We get to the stone carved steps leading down into the courtyard and it’s packed with people heading the opposite direction. A young American man is standing there too trying to discourage us from trying to get through. “You may 1497927_10151796688541150_1691376110_oas well just hang out here and wait. These crowds are insane! There’s no way to get through right now.” Humouring the guy, I look at the young girl who just led us through the seemingly impossible crowds and say “there’s always a way”. And in a matter of minutes one of our Polish accomplices has the idea to jump across a nearby boulder about 4 feet from the edge. He claims he’s a rock climber and I’m convinced as I watch him effortlessly leap over and scale his way down to the ground. The young girl is next, then it’s my turn and it gets a little tricky from there. The only one wearing sandals, I go barefoot on the jagged rock and carefully let myself down almost crushing the young girl in the process, who over eagerly decided to guide my foot onto her shoulder not realizing the amount of weight behind that foot and lets out a squeal when she loses her balance, and I quickly move it over to the intended foothold on the boulder and ungraciously scramble my way down. Much to the amusement of our local spectators chuckling at the crazy faranjis.1491424_10151796670506150_77147443_o

We make it just in time to watch 100 priests make their annual procession up the rock carved steps onto the cliffs surrounding the church. 2 dozen priests remain below ground in the courtyard playing instruments and chanting. Then it begins. A sea of robes, in unison begin this ancient ritual of transe-like dancing and chanting. The courtyard priests symbolizing the world’s people and the priests above on the cliffs symbolizing the angels in heaven. This continues for a few hours until about mid morning when the sun’s rays begin to shine down into the pit…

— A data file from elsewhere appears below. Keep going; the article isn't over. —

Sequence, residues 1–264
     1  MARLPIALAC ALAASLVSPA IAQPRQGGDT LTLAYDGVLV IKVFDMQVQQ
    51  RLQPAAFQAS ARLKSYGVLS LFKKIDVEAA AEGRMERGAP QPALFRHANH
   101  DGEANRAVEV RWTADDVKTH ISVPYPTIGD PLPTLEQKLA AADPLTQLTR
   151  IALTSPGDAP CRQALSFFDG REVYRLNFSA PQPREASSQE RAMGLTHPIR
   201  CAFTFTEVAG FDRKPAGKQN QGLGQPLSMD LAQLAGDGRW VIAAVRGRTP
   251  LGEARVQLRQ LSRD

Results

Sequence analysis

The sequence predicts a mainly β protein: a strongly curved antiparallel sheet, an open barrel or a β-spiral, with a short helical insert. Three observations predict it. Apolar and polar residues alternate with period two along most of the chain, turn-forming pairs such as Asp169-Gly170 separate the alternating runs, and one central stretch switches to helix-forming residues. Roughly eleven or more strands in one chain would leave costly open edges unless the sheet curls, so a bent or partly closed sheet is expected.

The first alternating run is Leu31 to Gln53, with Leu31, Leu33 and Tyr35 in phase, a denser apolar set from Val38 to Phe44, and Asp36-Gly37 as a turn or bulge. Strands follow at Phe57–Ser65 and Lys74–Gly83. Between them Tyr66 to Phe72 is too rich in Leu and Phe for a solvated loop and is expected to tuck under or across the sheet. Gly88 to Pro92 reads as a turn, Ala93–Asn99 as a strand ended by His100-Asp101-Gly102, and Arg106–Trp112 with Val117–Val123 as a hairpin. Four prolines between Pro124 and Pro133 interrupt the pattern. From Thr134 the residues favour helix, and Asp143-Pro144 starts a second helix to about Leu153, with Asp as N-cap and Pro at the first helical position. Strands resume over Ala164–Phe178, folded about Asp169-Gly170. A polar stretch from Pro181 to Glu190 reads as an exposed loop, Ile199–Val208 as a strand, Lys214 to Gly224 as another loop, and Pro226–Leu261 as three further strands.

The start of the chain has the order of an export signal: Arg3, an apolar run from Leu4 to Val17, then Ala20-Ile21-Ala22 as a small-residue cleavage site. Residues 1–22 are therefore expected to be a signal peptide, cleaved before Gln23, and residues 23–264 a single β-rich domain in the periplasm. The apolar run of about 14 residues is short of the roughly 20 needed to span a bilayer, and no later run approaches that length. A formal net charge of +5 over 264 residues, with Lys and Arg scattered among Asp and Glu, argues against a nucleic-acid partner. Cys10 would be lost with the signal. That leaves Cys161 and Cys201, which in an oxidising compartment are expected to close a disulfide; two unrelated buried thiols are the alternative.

I feel so incredibly fortunate to have been a part of something so spiritually charged, so sacred and virtually untouched for many centuries. And a rare glimpse into what Christmas might have been like for some of our ancestors a few hundred years ago. Lalibela is special. It’s raw and it’s real and will happily embrace you, if you are ready to embrace the experience.





Another successful climb, climbing North Africa’s highest peak! Jebel Toubkal – 4167m, 2,200m elevation gained in 14km.

I made the decision to climb this mountain on my own without a guide to save a few $100. It was quite easy to arrange solo.  I took the local buses to Imlil and trekked out there alone to the lodge at the base of the mountain. It was a little confusing finding the initial trailhead but I met 3 young boys from a nearby village, who showed me the way. We could hardly communicate to each other because they didn’t know English and I didn’t know French or Berber but they were really sweet kids and they felt compelled to keep an eye on me taking the same route. They had a mule with them that was carrying propane for one of the lodges, each taking a turn riding the mule, often offering to have the mule carry my bag or myself. But I kindly refused thinking in my head that it was a form of cheating.

I made it to the base of the mountain for the night and met a lovely group of Moroccan women at the lodge that evening. In a muslim society, it is usually frowned upon women to be traveling unaccompanied by a man let alone attempting to climb North Africa’s highest peak! They were certainly not your typical Moroccan, muslim women. They were liberal, well-educated and proactive with women’s liberties and rights in the country. Some were actresses in live theatre and all had lived and worked in Paris and spoke French as if it was their native tongue. They had movie star looks and exuded class, even in their trekking boots and jackets. They were also very friendly and after chatting with them, they invited me to join them to summit the following day.